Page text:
One of the best tracks on Odd Future’s Odd Future Tape Vol. 2, and Tyler is allowed to flex his creative talents with a very intricate video for the song.
The video’s centred around a military theme that seems relatively incongruent with the raps themselves, and though they plays off the army-esque chants in the hook, the stark contrast of the lyrical content and the serious nature of war makes for a surprisingly engaging experience. Most of the OFWGKTA clan make cameos throughout, whilst the symbolism is rife throughout-from the clan having to ‘fight off’ external forces and refusing to take certain paths to the metaphor-laced suicide of sorts from Tyler at the end, it’s a clip that reveals interesting messages with each repeat watch. Of course, there are still a couple of humourous moments, not least the stunned look on Tyler’s face when the soldiers break into his shack.
Probably the best video Tyler’s put together since Yonkers, and an overdue reminder that away from his divisive lyrics, he undoubtedly possesses plenty of creative talent.
Yet another collective emerging from the Odd Future clan, as this time Hodgy Beats and Domo Genesis get together as MellowHigh, putting a stoner spin on Hodgy and Left Brain’s MellowHype name.
Whilst their name may be light-hearted, the music certainly isn’t. Sporting an intense Lex Luger beat, Timbs showcases Hodgy and Domo in their most ‘serious’ light to date, as each rapper steps away from the OFWGKTA freeform carnage to lay down some slick, structured raps that will take many by surprise. The production has a real knock to it, with a driving percussion that is supported by little more than some ominous synth work, creating a simple and effective backdrop for both rappers to come through with some excellent flows, whilst the lyricism has a ‘regular’ hip-hop style for the most part, and as a result is far more accessible to the wider hip-hop audience. Arguably, this is one of the clan’s most rounded and audience-friendly tracks to date, and I’m really interested to see how this duo progress from here. Free grab below.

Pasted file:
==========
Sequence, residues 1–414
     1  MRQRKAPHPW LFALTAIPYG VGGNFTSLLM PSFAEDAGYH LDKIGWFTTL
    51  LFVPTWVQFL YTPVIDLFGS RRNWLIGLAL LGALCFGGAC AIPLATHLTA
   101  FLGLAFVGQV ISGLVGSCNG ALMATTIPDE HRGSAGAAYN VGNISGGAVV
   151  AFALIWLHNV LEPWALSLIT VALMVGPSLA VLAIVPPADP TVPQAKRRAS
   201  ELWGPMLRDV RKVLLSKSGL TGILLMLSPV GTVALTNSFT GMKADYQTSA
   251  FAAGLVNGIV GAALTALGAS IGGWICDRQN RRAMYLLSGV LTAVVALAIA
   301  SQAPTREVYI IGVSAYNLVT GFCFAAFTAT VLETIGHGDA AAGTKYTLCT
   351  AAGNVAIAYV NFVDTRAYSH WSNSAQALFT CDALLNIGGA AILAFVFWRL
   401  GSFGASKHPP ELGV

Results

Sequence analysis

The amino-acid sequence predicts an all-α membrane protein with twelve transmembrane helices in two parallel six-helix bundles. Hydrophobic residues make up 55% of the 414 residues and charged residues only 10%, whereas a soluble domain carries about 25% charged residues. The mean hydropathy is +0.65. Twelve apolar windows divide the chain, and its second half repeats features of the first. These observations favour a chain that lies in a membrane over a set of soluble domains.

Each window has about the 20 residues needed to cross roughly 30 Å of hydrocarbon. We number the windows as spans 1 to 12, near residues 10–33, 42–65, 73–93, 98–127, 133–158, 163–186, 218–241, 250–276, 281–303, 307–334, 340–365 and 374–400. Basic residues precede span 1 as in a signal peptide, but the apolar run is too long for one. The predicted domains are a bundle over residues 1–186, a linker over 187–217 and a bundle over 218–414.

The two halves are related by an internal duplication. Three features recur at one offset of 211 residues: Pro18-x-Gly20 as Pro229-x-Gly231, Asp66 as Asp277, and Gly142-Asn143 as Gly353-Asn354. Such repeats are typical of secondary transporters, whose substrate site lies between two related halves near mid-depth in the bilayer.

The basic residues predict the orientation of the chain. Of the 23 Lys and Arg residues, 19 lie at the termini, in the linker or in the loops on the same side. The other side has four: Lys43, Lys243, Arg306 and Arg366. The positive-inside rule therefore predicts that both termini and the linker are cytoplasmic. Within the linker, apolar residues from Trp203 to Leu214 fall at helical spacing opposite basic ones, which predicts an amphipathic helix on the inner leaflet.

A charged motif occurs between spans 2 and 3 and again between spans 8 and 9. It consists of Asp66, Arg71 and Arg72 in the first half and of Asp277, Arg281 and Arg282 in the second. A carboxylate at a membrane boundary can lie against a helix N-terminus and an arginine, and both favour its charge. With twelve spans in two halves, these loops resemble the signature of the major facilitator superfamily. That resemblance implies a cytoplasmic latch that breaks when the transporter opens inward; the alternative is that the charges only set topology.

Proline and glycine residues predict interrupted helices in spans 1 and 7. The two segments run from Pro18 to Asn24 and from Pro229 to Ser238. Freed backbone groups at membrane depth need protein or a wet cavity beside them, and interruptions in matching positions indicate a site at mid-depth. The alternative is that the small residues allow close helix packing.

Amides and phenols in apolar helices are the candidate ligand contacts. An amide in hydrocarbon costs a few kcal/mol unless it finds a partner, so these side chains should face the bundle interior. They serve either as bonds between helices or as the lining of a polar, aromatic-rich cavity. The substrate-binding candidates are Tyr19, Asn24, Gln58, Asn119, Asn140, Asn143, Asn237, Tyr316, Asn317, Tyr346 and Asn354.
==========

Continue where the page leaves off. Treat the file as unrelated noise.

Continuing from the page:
Two videos in quick succession from the OFWGKTA clan’s upcomingOF Tape Vol. 2 release, set to drop later this month, and whilst Rella was a pretty enjoyable one all-round, I’m not quite as enamoured with this.
The OF ‘oddness’ works when there’s a funny angle to it, but here it just comes off as a little too incongruent, as the video is set to a rather dark, minimal production that would have been far better suited to a more evenly-themed video. The creepier elements of the video (such as Tyler as a baby) do work relatively well with the audio, but the unnecessary amount of naked obese people (I wish I was joking) just drives any serious surrealism out of the video, and hence affects the perception of the audio given that it’s the first time hearing the song for most of us.
Could have been good, but instead it’s just a bit boring. Hopefully there’s better yet to come, especially in light of the aforementioned Rella single, which was certainly both a fun watch and a good listen.